Traditionally universities have used what many would consider a relaxed approach to performance management; however, changes to the regulatory and funding regime in higher education, combined with an increased focus on quality and outcome, are creating a climate of greater scrutiny. Simplified communication, inter-connectedness, seamless flow of information, creation of strong support system, encouragement of innovativeness and collaboration, transparent and effective governance and 360-degree performance evaluation would be the solicited outcome of digitalization in higher education. As a consequence, universities will need to take a more directed approach, setting short-term and long term goals and measuring their outputs. A technology-enabled infrastructure for performance management and reporting would create a transparent system building trust and camaraderie between members.
Finding new ways to teach – Continuous and adaptive assessments
Modern technology tools, including blockchains, dovetail with the shift toward a more comprehensive approach to assessments and academic credentialing. As competency-based education takes centre-stage, there is a need for a reliable and consistent way to capture a wider range of learning activities that may be just as valuable as classroom hours. Such experience might include study off-campus, apprenticeships or on-the-job expertise that students acquire before they return to universities to pursue their degrees or certifications. To that end, several companies are developing blockchain-based ledgers that would let individuals share verified work projects and experiences. Expanding the scope of information and technology that institutions and employers use to evaluate candidates would give both parties a more holistic way to capture and determine an individual’s qualifications and expertise.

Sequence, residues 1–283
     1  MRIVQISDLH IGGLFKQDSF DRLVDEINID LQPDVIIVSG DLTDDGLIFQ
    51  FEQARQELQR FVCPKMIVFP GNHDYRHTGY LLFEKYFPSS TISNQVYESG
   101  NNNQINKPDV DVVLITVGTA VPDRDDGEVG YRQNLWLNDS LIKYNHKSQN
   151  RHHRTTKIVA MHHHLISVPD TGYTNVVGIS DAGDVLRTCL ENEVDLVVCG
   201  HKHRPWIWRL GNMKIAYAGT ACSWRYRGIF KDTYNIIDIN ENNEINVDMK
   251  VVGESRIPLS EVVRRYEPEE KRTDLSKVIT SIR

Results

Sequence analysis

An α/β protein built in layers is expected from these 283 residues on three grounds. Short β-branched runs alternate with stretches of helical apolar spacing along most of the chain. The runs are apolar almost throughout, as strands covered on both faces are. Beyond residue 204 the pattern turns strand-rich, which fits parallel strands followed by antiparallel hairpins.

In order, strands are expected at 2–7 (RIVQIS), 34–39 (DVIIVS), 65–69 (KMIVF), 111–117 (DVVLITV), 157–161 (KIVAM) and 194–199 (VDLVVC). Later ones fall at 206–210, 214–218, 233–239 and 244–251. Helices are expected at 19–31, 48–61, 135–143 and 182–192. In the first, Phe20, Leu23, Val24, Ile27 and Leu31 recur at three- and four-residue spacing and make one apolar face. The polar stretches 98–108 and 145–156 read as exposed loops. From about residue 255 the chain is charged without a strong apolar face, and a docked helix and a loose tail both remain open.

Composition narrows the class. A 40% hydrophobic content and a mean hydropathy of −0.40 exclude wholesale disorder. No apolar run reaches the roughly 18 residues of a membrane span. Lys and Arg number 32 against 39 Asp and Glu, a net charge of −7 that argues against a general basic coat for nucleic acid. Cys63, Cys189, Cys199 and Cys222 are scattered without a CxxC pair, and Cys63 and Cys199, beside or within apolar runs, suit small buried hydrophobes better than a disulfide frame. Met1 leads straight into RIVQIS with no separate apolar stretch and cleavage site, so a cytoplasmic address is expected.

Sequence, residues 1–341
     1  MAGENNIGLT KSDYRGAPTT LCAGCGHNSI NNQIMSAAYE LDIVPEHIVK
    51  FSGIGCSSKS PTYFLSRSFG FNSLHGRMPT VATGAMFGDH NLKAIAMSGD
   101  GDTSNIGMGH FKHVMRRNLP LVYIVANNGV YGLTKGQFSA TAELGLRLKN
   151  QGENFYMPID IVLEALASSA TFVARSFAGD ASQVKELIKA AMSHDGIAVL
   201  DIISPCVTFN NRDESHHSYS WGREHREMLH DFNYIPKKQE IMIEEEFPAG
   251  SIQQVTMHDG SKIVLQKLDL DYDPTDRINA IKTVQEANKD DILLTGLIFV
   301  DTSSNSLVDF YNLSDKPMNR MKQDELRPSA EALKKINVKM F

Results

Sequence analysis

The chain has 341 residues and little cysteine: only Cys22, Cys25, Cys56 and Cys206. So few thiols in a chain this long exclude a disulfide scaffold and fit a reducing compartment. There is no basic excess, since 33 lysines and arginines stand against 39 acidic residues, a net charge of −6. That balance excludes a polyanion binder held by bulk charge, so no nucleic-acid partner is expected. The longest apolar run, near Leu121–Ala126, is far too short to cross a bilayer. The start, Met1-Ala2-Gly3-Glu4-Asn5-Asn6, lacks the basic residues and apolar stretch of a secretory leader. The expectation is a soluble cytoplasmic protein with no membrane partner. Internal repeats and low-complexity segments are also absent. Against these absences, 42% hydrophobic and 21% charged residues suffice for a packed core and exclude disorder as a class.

Creating new business models
As per a recent research report published by Schoolguru, while the number of so-called traditional students may not grow as fast, the number of adults and mid-career professionals who either have completed their formal education or need a skill refresh is growing faster than ever. These growing demographics present a unique opportunity for Universities to expand their addressable market with innovative and modular products. The digitalisation of education allows for new business models – virtual university, smart university, digital university, e-university, agile university, university 4.0 and so on. Universities will need to think harder for their product and think of effective ways to deliver them to the modern learner. They will need to continuously upgrade their product, integrate research with academic information and think of modular ways of credentialing – most of which will require integration of technology.
Acting proactively will help HEIs take the lead in this fast-changing landscape. Even assuming that some of the forces described above do exist and will inevitably bring change to higher education, there still remains some uncertainty about how and when higher education will evolve from what it is today to what it needs to be. Universities will soon need to imbibe certain attributes of University 4.0 which keeps students at the center and focuses on outcome, which in most cases is the employability of the student. Universities will need to get ready for more pressing times and would need to be more agile, responsive and resilient. The chronic neglect of higher education is a detriment to society and is untenable in its present form – things must change for the better!
by Shantanu Rooj and Srimathi Krishnan. The writers are with Schoolguru Eduserve
The views, thoughts, and opinions expressed in the article belong solely to the author, and not necessarily reflect the views, thoughts, and opinions of EducationWorld.